6 Beautiful Irish Wedding Traditions
Weddings are all about bringing people together. The best weddings are all about blending families and customs in a meaningful way. Unfortunately, it is often easier said than done.
Every culture has its own traditions, each with a charm all its own. A wedding is a perfect opportunity to pay tribute to the beautiful customs and traditions of the past. The trick is finding the best ways to incorporate them into your modern-day wedding ceremonies and celebrations.
Some of the most beautiful and touching customs come from Ireland. If you are Irish, then you are already more than aware of the plethora of charming traditions. If not, well, then get ready to learn something new.
At The Celtic Croft, we are obsessed with all things Irish and Scottish. We have compiled a list of the best Irish wedding traditions you need to incorporate to give your big day a bit of Celtic flair.
1. Tie the Knot
You’re looking at the original folks. This ceremony has its roots in ancient Ireland. It was traditionally overseen by a druid, poet, Fili, or any person of high standing in the community.
This ritual involves using rope, ribbon, or lace to tie the couple’s hands together. This tying represents the bond and union of the happy couple. It symbolizes the bond they share now, on their wedding, and that will only grow stronger as the years go on.
This ceremony often coincides with the Irish Festival of Lunasa in which couples who plan to marry exchange “love knots” to represent their growing bond.
You can easily incorporate aspects of both these lovely traditions into your ceremony. Add a ribbon-tying moment in your celebration. Pay homage to your Irish roots and include a sweet element in your wedding day.
The best part, you can customize your ribbon to your taste and style. If you have children, they can help you pick the ribbon colors and can even participate in the tying ceremony. You can also add a charm or keepsake that has significant and personal meaning to you as a couple.
2. Irish Wedding Toast
This next one is perfect for your wedding reception. Irish culture is full of toasts and speeches for all types of occasions; of course, there is a great one for weddings.
Are you ready for it? Here goes-
The entire wedding party fills their glasses with mead. The happy couple begins by reciting this toast:
“Friends and relatives, so fond and dear, ‘tis our greatest pleasure to have you here. When many years this day has passed, fondest memories will always last. So we drink a cup of Irish mead and ask God’s blessing in your hour of need.”
The guests then respond:
“On this special day, our wish to you, the goodness of the old, the best of the new. God bless you both who drink this mead, may it always fill your every need.”
Then, the best part, everyone drinks! It’s a great way to bring a little piece of Ireland to wherever you are.
Check out our collection of mugs and glasses, many of which would be perfect for a wedding toast.
3. Irish Music
When you think of Irish music, two main instruments should come to mind. Those are the bagpipes and Uilleann Pipes.
Bagpipes are a standard part of many Irish weddings. If you have a big Irish family, chances are someone in your family plays the bagpipes. Pick a few popular tunes, such as “Stack of Barley” or the “Highland Fling,” play a couple jigs or reels, and dance the night away.
The Uilleann pipes are perhaps even more authentically Irish than bagpipes. They are quieter and sweeter instruments with a vast range. No Irish wedding ceremony is complete without Uilleann pipes. If you add them to your service, don’t be surprised if there isn’t a dry eye in the house.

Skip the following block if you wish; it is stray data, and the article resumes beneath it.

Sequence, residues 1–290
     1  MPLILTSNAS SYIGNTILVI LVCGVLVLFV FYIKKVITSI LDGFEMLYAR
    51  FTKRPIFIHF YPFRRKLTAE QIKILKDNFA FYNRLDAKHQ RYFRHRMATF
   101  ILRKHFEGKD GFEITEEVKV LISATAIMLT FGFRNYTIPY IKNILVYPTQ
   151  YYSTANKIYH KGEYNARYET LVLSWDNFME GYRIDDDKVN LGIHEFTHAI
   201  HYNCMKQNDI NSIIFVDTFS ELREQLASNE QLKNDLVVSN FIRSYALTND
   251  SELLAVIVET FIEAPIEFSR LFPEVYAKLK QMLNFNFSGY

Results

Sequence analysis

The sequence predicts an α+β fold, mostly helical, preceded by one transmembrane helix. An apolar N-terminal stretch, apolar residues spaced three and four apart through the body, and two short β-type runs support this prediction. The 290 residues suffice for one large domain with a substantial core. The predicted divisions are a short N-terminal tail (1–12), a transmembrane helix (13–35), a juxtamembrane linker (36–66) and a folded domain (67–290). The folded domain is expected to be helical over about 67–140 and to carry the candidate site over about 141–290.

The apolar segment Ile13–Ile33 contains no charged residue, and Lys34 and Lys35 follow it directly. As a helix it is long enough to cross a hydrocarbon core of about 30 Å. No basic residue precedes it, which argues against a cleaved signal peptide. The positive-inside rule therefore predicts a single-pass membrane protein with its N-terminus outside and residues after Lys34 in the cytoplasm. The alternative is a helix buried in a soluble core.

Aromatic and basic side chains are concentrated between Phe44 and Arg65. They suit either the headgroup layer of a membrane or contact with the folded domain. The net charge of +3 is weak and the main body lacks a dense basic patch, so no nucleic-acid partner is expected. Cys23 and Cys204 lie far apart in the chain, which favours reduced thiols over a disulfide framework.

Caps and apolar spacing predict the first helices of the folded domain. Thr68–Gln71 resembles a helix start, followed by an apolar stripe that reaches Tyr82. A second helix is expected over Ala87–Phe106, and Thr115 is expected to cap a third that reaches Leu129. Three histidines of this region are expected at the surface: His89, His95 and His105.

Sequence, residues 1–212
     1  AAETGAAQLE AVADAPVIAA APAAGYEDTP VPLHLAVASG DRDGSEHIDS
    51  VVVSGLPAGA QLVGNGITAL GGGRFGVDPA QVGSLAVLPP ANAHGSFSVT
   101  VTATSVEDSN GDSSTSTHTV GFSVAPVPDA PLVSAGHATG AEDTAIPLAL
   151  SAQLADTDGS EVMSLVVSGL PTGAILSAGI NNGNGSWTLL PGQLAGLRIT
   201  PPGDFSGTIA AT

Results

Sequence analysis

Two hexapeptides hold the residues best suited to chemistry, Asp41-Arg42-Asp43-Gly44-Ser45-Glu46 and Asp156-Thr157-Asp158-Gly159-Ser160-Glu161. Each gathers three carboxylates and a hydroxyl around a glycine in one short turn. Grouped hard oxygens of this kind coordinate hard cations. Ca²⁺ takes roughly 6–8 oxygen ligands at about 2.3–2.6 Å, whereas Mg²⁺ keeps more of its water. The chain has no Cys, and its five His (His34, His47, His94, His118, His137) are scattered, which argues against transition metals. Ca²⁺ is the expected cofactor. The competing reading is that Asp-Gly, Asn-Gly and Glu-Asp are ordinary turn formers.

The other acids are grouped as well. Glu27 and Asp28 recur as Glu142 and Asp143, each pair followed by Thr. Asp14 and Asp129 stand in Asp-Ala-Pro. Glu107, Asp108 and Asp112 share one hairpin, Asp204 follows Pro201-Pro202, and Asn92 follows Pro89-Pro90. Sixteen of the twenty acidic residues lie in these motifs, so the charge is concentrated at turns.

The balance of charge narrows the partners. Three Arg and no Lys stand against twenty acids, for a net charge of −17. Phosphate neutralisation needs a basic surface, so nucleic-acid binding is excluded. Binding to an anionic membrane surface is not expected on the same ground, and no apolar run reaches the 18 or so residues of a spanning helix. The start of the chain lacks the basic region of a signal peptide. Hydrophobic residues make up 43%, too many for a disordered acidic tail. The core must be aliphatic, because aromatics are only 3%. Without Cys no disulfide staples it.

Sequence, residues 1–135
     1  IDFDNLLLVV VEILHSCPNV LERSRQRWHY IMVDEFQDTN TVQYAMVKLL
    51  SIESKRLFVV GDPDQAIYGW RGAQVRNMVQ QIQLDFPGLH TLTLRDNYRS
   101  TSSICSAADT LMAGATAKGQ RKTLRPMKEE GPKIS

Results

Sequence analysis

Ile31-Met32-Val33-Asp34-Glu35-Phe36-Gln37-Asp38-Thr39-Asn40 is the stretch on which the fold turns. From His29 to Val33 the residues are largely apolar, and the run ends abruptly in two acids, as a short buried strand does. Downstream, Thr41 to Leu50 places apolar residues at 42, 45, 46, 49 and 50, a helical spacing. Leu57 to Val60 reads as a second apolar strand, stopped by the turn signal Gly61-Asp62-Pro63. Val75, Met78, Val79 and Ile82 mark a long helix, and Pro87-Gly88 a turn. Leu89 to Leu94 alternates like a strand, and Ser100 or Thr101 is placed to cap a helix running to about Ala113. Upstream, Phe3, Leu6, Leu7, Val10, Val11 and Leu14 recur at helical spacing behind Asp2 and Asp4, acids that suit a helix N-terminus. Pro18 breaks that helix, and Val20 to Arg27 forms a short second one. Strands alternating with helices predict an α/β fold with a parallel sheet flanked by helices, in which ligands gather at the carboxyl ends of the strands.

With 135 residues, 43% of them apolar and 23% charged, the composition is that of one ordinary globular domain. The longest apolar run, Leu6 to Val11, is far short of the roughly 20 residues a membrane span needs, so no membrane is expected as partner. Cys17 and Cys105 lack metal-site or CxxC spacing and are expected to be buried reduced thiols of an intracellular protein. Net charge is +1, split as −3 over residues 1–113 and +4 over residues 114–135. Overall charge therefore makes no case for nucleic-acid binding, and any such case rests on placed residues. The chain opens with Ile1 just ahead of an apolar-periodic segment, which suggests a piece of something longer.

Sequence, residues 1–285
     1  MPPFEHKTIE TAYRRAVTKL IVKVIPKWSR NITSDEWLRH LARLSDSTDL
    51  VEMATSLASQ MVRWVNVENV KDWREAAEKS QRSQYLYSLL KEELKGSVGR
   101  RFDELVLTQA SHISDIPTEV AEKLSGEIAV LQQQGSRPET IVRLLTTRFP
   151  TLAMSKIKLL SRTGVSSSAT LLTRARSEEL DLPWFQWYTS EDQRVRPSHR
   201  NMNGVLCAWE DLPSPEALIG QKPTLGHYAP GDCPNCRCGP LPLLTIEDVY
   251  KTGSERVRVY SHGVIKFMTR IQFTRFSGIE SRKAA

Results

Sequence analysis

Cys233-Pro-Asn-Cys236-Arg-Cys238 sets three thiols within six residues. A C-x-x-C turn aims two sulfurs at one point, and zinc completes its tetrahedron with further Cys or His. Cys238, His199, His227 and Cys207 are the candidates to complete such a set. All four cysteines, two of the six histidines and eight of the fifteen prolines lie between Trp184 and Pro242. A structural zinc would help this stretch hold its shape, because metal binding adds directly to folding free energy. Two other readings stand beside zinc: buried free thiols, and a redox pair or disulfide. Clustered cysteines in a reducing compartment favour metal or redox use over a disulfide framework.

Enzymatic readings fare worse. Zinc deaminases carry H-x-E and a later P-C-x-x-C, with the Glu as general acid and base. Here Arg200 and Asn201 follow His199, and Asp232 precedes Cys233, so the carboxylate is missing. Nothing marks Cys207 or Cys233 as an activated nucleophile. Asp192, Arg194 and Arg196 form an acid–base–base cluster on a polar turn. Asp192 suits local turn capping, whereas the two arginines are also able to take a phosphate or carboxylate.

4. Irish Lace
One of the more simple Irish wedding traditions is Irish lace. An Irish bride usually carries a lace handkerchief on her wedding day. That same handkerchief is later turned into a christening bonnet for the bride’s first child.
To keep with tradition, you should embroider your lace handkerchief with your initials and the date of the ceremony.
The bride can also wear a lace garter, even better if it is made with tartan.
5. Irish Rings
Symbolism can be found throughout Irish culture. Wedding rings are no exception. When it comes to traditional Irish wedding bands, you have the Claddagh and the Celtic Knot.
The Claddagh ring has been exchanged for centuries in Ireland. It is made up of two hands, holding a heart that is wearing a crown, and it represents love, loyalty, and friendship. It was initially designed as a wedding token and is still highly popular today.
The Celtic Knot is also known as the endless knot or mystic knot. It has been a fixture in Celtic art since the 5th century. It is hard to determine the exact origins of the Celtic knot, but it has a prominent place in Irish heritage.
After the wedding couple places rings on the hands of each other, handfasting is performed. In this tradition, tartan is wrapped around the hands of the couple, signifying their union and binding them together.
6. A few Irish Wedding Superstitions
The Irish believe that if the sun shines on the bride on her wedding day, the couple will have good luck. The call of a cuckoo bird is also considered lucky, as well as a sighting of three magpies.
Many years ago, the Irish believed that it was essential for a man, not a woman, to be the first well-wishers to the new bride. They would also lock the church doors during the ceremony to prevent a runaway groom. Apparently, Irish men are known to have cold feet.
Your big day will be special, no matter what you do. As long as you celebrate the love you share, nothing else matters.
Any Irish wedding traditions you do decide to incorporate will be the icing on the cake, pun intended.
Check out the Celtic Croft for any of your traditional Irish or Scottish clothing needs. We are proud of our roots. If you are in love with all things Celtic, like we are, come on over and check us out!
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